Bill Gates is a renowned philanthropist whose specific concern is for the eradication of diseases such as polio in third world countries. Setting a trend with his personal generosity, he implores that nations aim to raise their foreign aid to 0.7% of gross national income (Birrell 2014).
While his charity has definite impact, there are two significant critiques brought against Gates in his philanthropy. The first is Microsoft's tax evasion and the second, is the model of philanthropy itself.
Microsoft is part of a group of multinational corporations which use loopholes in tax systems to evade significant tax rates. Through the use of "sophisticated systems to shift paper profits around the planet"(Birrell 2014) it is estimated that Microsoft saves nearly three billion euros annually. Due to its status as an international corporation, Microsoft has found ways to route profits through low tax countries, employing as little as six people in field offices to process huge amounts of revenue.
In Britain, 1.7 billion euros were reported in untaxed online sales revenue because Microsoft had routed the sales through such an office in Luxembourg that employed six people (Birrell 2014).
The issue is not one of legality. The Microsoft Corporation is simply using loopholes within the law to maximize profit. At first glance, this does not appear to be an issue, but the effects on western countries are enormous. Estimates suggest that in the past six decades, corporate income taxes have gone from constituting 32.1% to 8.9% of US taxes annually (Birrell 2014).
This discrepancy forces those who do not have the leveraging power of such corporations to pick up the slack in additional taxes. The ethical problem rests in the use of this exclusive bourgeois power to the detriment of the proletariat. This may secure greater funds for further charity work, but it simultaneously uses unethical advantages to lock the bourgeois in place above the working class.
Power and dependcy
The second issue is that of power and dependency. "Human beings should not have to depend upon a rich man's whim for the right to life" (Newman 2012). This is the conclusion of someone who has examined the ills of when plutocrats attempt to be 'saviours' often causing more harm then good and promoting the philosophical qualm that comes with dispensing life as gods.
So what is shalom? What is justice and equality? Some are tempted to say that the rich owe a debt to the poor, simply because they have more wealth than the poor do? Some say that the poor are in no way connected to the rich and the rich have therefore no responsibility for their dire situation.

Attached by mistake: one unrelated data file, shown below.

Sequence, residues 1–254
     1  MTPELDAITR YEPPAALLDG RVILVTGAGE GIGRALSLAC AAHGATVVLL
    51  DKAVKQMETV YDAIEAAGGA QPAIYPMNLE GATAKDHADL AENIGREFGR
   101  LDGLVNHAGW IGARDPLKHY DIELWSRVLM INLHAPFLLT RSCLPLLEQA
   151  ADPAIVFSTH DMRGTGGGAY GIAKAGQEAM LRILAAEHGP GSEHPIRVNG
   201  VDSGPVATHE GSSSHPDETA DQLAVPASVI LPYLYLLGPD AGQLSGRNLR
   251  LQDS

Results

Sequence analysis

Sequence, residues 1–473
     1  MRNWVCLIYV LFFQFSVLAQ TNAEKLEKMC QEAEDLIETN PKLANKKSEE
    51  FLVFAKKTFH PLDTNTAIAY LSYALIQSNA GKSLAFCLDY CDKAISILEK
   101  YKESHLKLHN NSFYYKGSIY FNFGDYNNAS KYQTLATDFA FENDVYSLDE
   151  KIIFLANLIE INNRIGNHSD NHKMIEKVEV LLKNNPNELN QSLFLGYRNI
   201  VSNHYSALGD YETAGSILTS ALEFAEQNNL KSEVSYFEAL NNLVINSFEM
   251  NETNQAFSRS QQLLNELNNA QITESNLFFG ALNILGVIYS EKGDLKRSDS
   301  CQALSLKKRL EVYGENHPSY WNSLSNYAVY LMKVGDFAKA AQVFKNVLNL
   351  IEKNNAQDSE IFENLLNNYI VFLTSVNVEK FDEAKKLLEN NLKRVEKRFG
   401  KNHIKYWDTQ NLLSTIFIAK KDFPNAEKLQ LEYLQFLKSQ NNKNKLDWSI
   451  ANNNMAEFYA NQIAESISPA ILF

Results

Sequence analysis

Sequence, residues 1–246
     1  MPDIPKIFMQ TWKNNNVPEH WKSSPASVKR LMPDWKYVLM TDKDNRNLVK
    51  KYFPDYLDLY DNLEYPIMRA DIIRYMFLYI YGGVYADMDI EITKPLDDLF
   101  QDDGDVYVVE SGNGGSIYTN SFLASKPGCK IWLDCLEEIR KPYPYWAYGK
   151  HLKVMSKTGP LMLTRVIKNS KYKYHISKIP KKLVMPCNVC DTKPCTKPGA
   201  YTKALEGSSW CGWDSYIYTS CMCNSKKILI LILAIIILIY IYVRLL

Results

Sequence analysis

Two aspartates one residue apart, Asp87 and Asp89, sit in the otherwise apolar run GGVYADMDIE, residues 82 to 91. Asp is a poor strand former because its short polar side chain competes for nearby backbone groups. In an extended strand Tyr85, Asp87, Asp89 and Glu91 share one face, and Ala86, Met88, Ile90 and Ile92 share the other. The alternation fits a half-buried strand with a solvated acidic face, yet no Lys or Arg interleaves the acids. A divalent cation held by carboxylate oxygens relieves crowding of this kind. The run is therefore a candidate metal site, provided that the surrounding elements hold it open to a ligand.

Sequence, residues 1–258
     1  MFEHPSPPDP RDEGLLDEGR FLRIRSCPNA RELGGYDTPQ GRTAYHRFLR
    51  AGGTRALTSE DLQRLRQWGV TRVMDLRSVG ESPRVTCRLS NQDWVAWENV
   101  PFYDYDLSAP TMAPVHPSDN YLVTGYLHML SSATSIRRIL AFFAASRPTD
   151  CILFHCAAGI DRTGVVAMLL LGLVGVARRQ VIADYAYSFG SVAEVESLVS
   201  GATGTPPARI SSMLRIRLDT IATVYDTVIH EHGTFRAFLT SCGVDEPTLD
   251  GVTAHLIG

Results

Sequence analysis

This leads to who is poor and who is rich? The standard changes rapidly from one context to the next, but surely the principle of mutual responsibility for humanity does not change.
Tim Keller brings his readers on a fantastic exploration of such issues from a Biblical perspective in his book, Generous Justice. This book will at once cut your heart and motivate you to seek justice in your personal contexts. He argues that the key to unlocking a passion for justice in the lives of the Church's members is to get a deep grasp of what grace is and means.
The concept of Grace
Often we receive a lashing of guilt from cleverly designed videos portraying the ills of poverty to emotionally charged music. This path of sentimentalism often creates impulse guilt and generosity stemming from conscience that demands we make restitution for such social ills. The only problem is this motivation never lasts. Until we grasp the full grace of God.
All of our exceptions will be answered. We may say, "My money is my own"; Christ could have said, "My blood is my own". We answer, "The poor are undeserving"; Christ could have said, "They are wicked rebels...shall I lay down my life for these?". We think, "The poor abuse it"; Christ could have said, "They will trample my grace under their feet daily" (Summarized sermon of M'Cheyne)
Generosity is not only for the mega rich. In fact, it is not mostly for those either. It is at once a call for all humanity to care for the other and especially for those who have been captured by the grace of God. Yet, in our generosity, lets not find loopholes to ease the sacrifice for which it sometimes calls. As Christ with his own life, lets face it head on and humble ourselves, denying any shred of personal ambition.
Walk humbly before the Lord. Seek justice and pursue peace.
Dan Peterson is from Chicago, Illinois USA, currently living in St. Leonards, Tasmania, studying cross-cultural ministry in his final year. Dan is a musician, and personal fitness trainer, who loves exploring the Australian bush.
Dan Peterson's previous articles may be viewed at www.pressserviceinternational.org/dan-peterson.html